Their experiences, fully lived by them, become the story altering gold nuggets of fascinating places, people, and objects, that I love to find.

Nancy Hatch duPree is one of those gold nuggets.

She is from the generation prior, and as such had to content herself with the low ceiling that most women encountered. An early life ultimately landed her in Kabul, Afghanistan as the wife of a diplomat.

I think.

She managed to loosen that shackle and fall in with an archaeologist. That match worked quite well and led to her blossoming as a writer, explorer and swashbuckling woman back in the day, in the society that Pakistan and Afghanistan had prior to the Soviet and Taliban blood stains.

Her writing and life experiences proved quite fascinating. Her words led me to the hoopoe, a bird of which I had never heard, and now is part of my book series. As is Nancy Hatch duPree.

Look above and follow that link. It goes to a fabulous interview that Nancy H. duPree gave to the writer who interviewed her. The site it is on, Afghanistan-Analysts, is nearly as fascinating. Both are discoveries I stumbled upon, that have changed my plots for the better.

I hope.

Also that hoopoe is a fascinating bird. Too cool to pass up.

Enjoy your research! I hope it leads to your own loose threads that become the pleasant foundations of your creation with the written word!

Sunday, October 7, 2018

Of Hot Springs and Canyons - Research Road Trip, 2nd Edition

Another road trip happened this summer, four seasons after the first epic dance with long distance driving. On the downside, this trip, like the first one, was marred by smoke from fires, mostly in Canada I'm told, but also from the epic ragers that were flaming in California.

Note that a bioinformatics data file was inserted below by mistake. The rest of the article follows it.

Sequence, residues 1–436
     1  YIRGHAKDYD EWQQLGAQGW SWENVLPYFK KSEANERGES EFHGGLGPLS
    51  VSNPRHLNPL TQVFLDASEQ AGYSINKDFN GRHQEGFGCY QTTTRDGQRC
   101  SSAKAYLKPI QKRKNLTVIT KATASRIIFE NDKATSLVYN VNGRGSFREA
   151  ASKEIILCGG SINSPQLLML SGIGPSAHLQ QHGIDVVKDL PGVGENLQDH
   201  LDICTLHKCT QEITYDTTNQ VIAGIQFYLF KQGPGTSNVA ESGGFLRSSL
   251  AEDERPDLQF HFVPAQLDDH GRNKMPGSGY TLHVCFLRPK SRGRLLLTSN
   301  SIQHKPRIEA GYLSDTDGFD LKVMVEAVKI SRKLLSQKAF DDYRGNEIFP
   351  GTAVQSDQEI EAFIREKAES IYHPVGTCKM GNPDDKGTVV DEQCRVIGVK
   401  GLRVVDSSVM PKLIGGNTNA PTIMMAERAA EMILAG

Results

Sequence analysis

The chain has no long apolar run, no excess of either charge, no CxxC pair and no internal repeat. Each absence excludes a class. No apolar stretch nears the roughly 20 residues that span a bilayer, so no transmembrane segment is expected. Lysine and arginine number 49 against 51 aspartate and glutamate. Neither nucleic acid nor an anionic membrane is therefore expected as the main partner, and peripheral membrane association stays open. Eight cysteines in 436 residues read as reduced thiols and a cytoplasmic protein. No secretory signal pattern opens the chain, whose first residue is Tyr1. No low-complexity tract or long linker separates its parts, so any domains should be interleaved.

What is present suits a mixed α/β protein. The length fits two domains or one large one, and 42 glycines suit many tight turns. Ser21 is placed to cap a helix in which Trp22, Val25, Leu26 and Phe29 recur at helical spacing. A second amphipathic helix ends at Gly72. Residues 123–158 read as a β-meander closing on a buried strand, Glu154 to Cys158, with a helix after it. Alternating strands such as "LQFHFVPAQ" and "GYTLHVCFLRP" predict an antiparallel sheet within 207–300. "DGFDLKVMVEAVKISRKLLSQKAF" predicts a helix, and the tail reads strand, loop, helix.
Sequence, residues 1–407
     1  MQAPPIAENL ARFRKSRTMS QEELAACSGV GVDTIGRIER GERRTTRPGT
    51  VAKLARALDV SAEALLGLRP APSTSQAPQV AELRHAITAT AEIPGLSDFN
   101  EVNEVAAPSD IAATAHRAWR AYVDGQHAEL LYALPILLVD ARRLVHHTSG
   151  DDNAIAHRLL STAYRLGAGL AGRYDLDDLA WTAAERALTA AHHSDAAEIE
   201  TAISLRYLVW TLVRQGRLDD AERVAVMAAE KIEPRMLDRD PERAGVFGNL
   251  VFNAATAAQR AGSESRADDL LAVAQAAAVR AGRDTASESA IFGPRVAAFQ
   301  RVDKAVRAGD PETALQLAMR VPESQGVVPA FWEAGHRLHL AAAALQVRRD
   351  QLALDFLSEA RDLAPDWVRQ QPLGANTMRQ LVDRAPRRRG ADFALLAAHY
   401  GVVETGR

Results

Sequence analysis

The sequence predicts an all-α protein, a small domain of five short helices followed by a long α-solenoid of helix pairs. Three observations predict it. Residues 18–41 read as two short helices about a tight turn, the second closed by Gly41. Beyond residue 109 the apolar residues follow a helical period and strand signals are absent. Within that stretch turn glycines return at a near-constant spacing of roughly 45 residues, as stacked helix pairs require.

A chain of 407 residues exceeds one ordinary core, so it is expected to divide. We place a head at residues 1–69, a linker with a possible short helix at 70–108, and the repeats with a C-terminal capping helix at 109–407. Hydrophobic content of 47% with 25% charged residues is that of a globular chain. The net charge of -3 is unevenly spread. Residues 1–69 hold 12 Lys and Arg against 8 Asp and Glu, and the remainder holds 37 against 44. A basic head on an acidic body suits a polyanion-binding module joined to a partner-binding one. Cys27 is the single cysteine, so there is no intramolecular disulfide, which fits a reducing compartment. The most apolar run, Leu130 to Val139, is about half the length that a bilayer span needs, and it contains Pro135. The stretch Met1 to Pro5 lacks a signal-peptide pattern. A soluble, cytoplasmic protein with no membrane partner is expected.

So that makes two trips in a row lessened by atmospheric smoke drifting in the wind, hundreds of miles from where it originated. ah well....such is life in dry western states late in the summer. oh - and rattlesnakes, too. First time I've seen a sign like this in any of the freeway rest stops I've ever stopped at.

Once again, the pleasure is in the details, as well as in the hot springs and canyons. I didn't plan it like I ended up doing, but the trip evolved into more of a road trip through Wyoming than anything else. Day One began with dropping my wife off at the Salt Lake City airport. I then missed a turn and started out driving west on I-80, along the Great Salt Lake. Very cool. Literally. I was shocked at how cool the temps were. Also there was water everywhere, even as I drove through the whitest, brightest desert light I've ever seen. No trees either. I took the first exit I came to (Kemmerer I think), which was highlighted by a giant smokestack off in the distance. The picture I took was overexposed and did not turn out. Did I mention how bright and white the light was?

By the way, this was a trip to drop off our youngest kid at the University of Utah, which turned out to be an unexpectedly cool place. I like Salt Lake City. Turns out it is actually a bit smaller than Madison. In my mind, SLC was a metro area more akin to Chicago than Madison, but I was wrong. It's a smallish feeling city. We stayed at an AirBnB in the Sugar House neighborhood. Lots of oldish one story brick bungalows. Nice. Unexpected. In retrospect, I guess I was expecting more of a stark severe Mormon influenced desert town. What I found was a hip neighborhood, full of coffee shops, people pedaling to work, and the aforementioned bunch of brick bungalows. Reality was MUCH better than anticipated. SLC is well worth a visit. btw, I think the UU campus is gorgeous, with much less Mormon influence than I was anticipating. Campus is built on a hillside, maybe even a mountainside. Fairly rugged, not much flat space at all. Like SLC, I found UU reality much better than I imagined.

And then there's Logan. The first trip, four years ago, delivered our middle kid to Utah State University in Logan. Really like this town and the campus, which is at the mouth of a canyon. It looks to me like the school is built on top of the outwash field that has come flooding out of the canyon over the years. I think. Bottom line is that the school is perched a couple hundred feet above the rest of this small city. Great view. Great campus. Great program if you are looking for biological engineering. We all really like Logan.